Learn to consider different rewards depending on the individual team members' preferences.

Your team just shipped its Big Project, and it was on-time, on-budget, and it had all the features the product owner requested. Congratulations! It’s time to reward the team for all their hard work and persistence, particularly that one week when they stayed late to make sure they’d hit the deadline. (You, of course, stayed late with them, because a manager should never ask their team to do something the manager themselves isn’t willing to do—right?)

But before you schedule that all-company or all-department meeting to stand the team up in front of everybody and give them all the standing ovation they deserve, pause a moment and ask yourself: Is this really what each individual member on the team wants? Some folks might enjoy that, for sure, but what about the quiet introvert? Or the single parent who often can’t make after-work activities because they need to be there for their kids’ soccer practice? And so on.

One of our key responsibilities as managers is not just to know our employees well enough to be able to coach them when their performance isn’t adequate, it’s also to know our employees well enough to be able to reward them well. An undesired reward is no reward at all. There are numerous kinds of rewards that we can use to give that shot of “feel-good” dopamine to the individual, and while some of them are rewards that the company can (and should) provide, many rewards are ones that you can dole out within your team without HR ever being involved.

Story time! A team I was on once had just celebrated its Big Release, and our boss was looking to celebrate. His boss suggested buying a $100 gift card for everybody on the team, but considering the hours of overtime we’d put in on the project, it was pretty clear that was going to be received pretty poorly, since it would work out to be less than 50 cents per hour of the overtime we’d each put in. Instead, our boss took the money he would’ve spent on those gift cards, and instead took the entire team out to lunch at a nearby bar—and insisted that we were not to return to the office. He bought lunch, drinks, the use of the pool table the entire afternoon, and a grand time was had by all. (And in the end, it actually cost him much less than the gift cards.)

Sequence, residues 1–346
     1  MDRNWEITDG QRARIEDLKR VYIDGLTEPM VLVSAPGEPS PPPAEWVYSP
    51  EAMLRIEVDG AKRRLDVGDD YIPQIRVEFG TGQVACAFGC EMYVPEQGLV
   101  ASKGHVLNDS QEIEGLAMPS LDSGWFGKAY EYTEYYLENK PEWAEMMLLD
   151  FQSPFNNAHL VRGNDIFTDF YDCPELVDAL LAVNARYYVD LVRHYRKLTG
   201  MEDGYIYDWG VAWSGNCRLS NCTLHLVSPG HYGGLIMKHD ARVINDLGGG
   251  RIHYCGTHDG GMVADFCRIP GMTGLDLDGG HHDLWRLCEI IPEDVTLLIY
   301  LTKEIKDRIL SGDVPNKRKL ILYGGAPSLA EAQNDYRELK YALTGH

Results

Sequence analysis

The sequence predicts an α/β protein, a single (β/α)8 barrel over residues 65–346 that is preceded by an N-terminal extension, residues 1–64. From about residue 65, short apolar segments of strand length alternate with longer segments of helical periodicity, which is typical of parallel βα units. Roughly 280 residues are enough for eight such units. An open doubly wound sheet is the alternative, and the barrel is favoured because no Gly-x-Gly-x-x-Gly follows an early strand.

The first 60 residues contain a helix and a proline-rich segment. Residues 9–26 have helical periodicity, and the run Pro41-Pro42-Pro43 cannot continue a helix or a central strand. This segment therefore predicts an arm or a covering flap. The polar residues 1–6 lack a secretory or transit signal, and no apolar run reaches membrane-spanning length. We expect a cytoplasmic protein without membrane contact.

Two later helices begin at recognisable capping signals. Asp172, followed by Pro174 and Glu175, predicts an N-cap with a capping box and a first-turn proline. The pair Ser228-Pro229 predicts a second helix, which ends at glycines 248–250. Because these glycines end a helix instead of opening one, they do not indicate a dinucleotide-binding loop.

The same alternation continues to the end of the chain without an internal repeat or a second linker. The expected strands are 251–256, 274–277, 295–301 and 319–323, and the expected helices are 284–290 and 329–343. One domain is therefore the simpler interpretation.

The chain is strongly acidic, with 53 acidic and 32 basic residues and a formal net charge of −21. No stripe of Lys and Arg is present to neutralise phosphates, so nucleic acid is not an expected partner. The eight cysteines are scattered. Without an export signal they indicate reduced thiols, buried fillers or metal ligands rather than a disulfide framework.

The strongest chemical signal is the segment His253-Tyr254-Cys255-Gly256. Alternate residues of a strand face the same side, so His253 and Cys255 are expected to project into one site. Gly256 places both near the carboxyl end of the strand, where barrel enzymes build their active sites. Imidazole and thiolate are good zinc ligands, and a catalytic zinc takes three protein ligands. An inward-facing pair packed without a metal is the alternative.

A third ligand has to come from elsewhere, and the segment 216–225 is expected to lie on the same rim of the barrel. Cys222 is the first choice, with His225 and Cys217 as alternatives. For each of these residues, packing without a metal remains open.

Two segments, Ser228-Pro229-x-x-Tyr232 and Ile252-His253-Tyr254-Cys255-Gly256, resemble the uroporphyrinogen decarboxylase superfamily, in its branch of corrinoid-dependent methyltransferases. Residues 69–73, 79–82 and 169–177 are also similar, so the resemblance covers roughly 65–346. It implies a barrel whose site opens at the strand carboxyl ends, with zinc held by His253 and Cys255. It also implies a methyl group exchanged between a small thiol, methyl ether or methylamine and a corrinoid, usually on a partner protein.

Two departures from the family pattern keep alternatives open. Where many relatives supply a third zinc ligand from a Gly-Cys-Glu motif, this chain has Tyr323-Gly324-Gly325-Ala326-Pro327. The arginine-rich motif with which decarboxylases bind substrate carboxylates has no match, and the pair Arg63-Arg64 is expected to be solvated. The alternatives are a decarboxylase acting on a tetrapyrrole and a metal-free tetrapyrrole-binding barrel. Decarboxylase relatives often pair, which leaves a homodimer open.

Not everyone views rewards the same way. In particular, managers and developers have definite different viewpoints—don’t let your thinking be guided by what you would want as a reward. Different people are wired differently, so embrace that, and look for ways to reward your team members in the ways they want to be rewarded.

NOTE: A good rule of thumb to keep in mind is that there are two forms of transactional currency in the modern world: monetary currency, the one we use to buy groceries and pay rent, and social currency, the more unspoken and implicit one we use when we ask for favors and offers. Mixing the two is an incredibly bad idea: if your friend spends all day helping you move out of your apartment, and you “repay” them with a gift card—even if it’s at a halfway-decent hourly rate—it tends to come off insulting. While employment is compensated in monetary currency (if it weren’t, it would be called “volunteering” or “charity”), do not underestimate the power of social currency, either. For example, if you know one of your employees hates putting together formal notes after a meeting, offering to do that task yourself can often win their respect and loyalty far faster than a steady stream of Amazon gift cards can.

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